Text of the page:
Smackdown: Burger King's Extra Long BBQ Vs. McDonald's Jalapeño Double

At first glance, a horizontally oriented double cheeseburger doesn't seem very flashy: Mankind is well accustomed to taking our meals the long way. Cheesesteaks, ribs, roll-ups, Twinkies, wraps, corn, whatever the hell a hoagie is: All these and more have been served to us on the landscape setting since long before Subway started selling lunch by the inch.

But a double cheeseburger presented side-by-side, rather than in the traditional stack, is less common than sandwich logic would seem to dictate. The low-slung double is often available at dingy mid-block sub shops, but I bet you've never ordered one, because dingy mid-block sub shops also have meatballs and chicken parm and pastrami and all that other dope shit you can't get at a regular hamburger stand. You didn't end up at Doctor Jeff's Extended Sandwiches by accident, and your intent probably wasn't burger-derived.

But let's say you've ended up at Burger King armed with $3.49 and a hankering for more bread than afforded by the typical double cheeseburger arrangement. (Let's also pretend you couldn't just get two single cheeseburgers, because to acknowledge this real but dreary option would dull the crucial point we're building toward here, which, if you're patient, will involve onion rings.)

If that's your lot in lunch, you should order the new Extra Long BBQ Cheeseburger, which nets you two dinky little cheeseburgers rubbing shoulders beneath barbecue sauce and onion rings on 7.5 inches of sesame-seed bun. Yup, there's onion rings in this rig! Burger King has gone down the ring road before, with the Rodeo Burger, but despite that precedent it's still surprising that they fail to mention this feature in the name of the new burger. I mean, they've got cheese all over every damn thing in the store, yet they still manage to get that into the headline. So let's do them the favor of renaming this thing thus:

Smackdown: Burger King's Extra Long BBQ Vs. McDonald's Jalapeño Double

Burger King's Sideways Double Rodeo

The "toasted hoagie bun" is adequate if uninspiring; you may be familiar with it from the Original Chicken Sandwich or the superior but elusive Italian Chicken rendition. The cheese is present and yellow. If your body can handle lactose and your conscience can handle enslaving the beasts of the field, it is overwhelmingly likely that you love cheese even more than you love cats and money. Me too! But what percentage of the cheese we eat is actually worth a good goddamn?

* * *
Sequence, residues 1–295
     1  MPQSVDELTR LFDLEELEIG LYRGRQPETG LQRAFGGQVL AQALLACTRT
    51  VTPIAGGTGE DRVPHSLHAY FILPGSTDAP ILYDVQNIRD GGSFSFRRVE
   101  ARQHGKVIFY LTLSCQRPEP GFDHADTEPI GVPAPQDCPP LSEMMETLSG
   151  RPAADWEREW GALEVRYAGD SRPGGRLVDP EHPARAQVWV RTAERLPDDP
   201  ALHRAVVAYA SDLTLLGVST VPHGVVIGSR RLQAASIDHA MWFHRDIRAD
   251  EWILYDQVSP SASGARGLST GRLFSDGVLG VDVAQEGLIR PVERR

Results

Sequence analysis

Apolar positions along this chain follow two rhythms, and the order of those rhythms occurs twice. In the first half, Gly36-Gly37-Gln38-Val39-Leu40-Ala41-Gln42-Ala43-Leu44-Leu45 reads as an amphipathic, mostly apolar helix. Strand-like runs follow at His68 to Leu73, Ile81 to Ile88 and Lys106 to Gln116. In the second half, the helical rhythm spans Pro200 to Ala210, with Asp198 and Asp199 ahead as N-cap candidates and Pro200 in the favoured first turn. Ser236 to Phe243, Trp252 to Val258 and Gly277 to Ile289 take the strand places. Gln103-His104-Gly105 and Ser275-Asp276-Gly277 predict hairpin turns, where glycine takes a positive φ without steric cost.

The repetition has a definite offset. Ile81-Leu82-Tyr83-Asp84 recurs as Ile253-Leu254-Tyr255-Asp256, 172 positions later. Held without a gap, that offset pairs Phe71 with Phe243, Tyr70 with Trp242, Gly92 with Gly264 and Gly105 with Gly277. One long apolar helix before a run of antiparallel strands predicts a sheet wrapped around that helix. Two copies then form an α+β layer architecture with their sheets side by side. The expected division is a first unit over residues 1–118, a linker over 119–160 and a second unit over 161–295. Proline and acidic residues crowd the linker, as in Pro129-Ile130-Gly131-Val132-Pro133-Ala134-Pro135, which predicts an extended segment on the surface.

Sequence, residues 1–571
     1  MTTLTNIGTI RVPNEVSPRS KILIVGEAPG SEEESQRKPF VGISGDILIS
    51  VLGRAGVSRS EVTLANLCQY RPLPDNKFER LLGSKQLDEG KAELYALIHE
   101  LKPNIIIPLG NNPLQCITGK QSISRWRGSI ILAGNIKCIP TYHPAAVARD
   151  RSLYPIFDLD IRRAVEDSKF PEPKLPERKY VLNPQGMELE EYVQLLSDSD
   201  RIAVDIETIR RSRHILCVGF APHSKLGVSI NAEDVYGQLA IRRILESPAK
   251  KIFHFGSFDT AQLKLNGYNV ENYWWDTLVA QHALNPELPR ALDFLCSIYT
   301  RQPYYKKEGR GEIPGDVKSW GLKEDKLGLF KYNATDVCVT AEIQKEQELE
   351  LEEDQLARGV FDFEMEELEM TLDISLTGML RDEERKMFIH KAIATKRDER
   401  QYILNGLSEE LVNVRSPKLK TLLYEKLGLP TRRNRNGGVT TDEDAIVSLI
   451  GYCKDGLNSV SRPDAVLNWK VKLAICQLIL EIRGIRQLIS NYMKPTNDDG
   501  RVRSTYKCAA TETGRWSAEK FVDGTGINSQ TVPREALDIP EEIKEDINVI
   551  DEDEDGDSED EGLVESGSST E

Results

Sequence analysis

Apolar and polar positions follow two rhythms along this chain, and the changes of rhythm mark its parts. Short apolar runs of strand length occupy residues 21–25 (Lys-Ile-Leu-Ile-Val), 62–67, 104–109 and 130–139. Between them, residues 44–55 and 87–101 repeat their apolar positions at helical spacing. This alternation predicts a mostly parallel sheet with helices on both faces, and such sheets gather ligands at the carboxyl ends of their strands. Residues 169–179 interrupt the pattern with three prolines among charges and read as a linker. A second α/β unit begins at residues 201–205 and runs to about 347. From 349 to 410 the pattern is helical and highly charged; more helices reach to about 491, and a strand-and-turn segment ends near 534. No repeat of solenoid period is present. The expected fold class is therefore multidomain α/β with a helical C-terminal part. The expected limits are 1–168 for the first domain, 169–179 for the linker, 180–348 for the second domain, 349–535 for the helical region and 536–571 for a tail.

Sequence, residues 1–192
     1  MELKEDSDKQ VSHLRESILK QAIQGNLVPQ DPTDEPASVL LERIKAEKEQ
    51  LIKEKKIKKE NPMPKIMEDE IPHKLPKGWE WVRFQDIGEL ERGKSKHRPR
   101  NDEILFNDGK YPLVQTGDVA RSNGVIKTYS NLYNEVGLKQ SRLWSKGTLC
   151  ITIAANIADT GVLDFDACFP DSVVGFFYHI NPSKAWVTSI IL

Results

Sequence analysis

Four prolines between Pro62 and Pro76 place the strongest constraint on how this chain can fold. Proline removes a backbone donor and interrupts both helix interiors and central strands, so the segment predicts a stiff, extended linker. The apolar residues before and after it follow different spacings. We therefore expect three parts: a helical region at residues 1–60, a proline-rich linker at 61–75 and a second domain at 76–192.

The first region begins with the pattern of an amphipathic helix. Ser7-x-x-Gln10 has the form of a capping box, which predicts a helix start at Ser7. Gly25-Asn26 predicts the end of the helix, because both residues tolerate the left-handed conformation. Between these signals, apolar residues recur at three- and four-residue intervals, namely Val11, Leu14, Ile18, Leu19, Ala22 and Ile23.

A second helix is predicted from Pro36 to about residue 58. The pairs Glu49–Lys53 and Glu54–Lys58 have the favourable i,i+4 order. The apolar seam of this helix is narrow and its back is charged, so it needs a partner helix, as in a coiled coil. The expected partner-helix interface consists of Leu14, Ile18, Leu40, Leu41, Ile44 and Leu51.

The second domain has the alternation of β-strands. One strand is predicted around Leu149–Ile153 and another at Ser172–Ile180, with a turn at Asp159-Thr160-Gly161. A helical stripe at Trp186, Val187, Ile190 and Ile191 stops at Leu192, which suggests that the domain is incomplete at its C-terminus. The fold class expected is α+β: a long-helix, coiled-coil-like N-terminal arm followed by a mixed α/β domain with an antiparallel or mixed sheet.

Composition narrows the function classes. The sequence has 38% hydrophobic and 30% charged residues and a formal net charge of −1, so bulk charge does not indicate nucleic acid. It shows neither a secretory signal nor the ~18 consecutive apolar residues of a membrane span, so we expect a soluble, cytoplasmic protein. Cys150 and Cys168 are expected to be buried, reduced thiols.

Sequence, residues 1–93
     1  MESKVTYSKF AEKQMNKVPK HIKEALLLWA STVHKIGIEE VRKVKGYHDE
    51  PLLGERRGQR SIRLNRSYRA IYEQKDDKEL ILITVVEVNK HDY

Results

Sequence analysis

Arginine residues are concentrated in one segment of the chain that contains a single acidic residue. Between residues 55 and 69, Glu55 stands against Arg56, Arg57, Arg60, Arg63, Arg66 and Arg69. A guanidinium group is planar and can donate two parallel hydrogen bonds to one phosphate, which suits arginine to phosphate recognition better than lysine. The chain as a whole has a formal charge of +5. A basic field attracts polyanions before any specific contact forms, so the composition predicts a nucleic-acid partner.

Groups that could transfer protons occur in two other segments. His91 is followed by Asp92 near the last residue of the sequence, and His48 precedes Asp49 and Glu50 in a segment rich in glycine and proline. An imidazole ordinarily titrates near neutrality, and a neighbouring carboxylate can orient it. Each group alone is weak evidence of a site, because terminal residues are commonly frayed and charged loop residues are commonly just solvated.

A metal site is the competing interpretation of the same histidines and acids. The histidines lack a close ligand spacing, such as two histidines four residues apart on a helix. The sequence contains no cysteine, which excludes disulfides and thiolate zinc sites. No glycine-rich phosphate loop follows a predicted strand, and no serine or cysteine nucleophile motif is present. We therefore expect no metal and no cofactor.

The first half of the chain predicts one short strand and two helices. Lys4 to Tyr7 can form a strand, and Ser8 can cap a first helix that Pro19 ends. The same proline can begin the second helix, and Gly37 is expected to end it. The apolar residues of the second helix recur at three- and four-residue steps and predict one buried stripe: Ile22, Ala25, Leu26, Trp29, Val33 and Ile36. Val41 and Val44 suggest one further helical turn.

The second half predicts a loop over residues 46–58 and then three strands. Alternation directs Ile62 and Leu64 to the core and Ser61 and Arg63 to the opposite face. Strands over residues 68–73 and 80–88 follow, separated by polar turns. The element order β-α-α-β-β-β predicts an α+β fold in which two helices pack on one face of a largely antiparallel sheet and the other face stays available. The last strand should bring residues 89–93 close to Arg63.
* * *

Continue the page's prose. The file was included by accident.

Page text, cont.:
So the bread's plentiful and mediocre, and the cheese is a rung below that; the dinky little burger patties are what they are. This means the Sideways Double Rodeo's got a lot riding on the barbecue sauce and onion rings. The sauce is almost insultingly bland. What do you take me for, Burger King? The kind of simpleton who lets a motherfucker tint his ketchup a shade darker and pretend that all of a sudden it's tangy or zesty or otherwise barbecued? Lot of pressure on the onion rings here, huh?

The trick answer to "Which are the best fast food French fries?" is, of course, "Burger King onion rings." Incidentally, this is also the answer to "What are some of the shittiest onion rings you can buy?" That's how good onion rings are. The four fatties on the Sideways Double Rodeo make it relevant. If you aren't civilized enough to love onion rings, then this isn't the sandwich for you: There's simply not enough else going on. But a right-thinking ring-eater could do worse for the money.

Smackdown: Burger King's Extra Long BBQ Vs. McDonald's Jalapeño Double

McDonald's Jalapeño Double

McDonald's took a more conventional approach to marketing their new burger, opting to mention the jalapeño factor right in the name. They went similarly inside-the-box with bread selection, as this one's sheltered within an old-style round bun devoid of the seeds, herbs, and toast-marks that have been showing up lately on our quick burgers.

Couple burger patties, sure. And there's cheese, too, of the "white cheddar" variety that gets asterisked down to "pasteurized process" in the fine print. But the real draw here are the jalapeños, which come in two forms: surprisingly potent pickled slices and broken tentacles of fried stuff that provide a bit of crunch, though little discernible pepper character. The only other adulteration is an ill-advised splort of ranch sauce that tastes like thin, sour mayonnaise.

Ranch aside, McDonald's is to be commended for skipping the rusty lettuce and wack-ass tomatoes that sully so many fast-food sandwiches. This stripped-down condiment approach really lets the jalapeños speak for themselves, and I'm pleased to report they say, "We are much spicier than you'd expect, which is why the Jalapeño Double is a very good way to spend $2."

Winner: McDonald's Jalapeño Double


Will Gordon loves life and tolerates dissent. He lives in Cambridge, Mass., and has visited all of the other New England states, including, come to think of it, Vermont. Find him on Twitter@WillGordonAgain.

Image by Sam Woolley.

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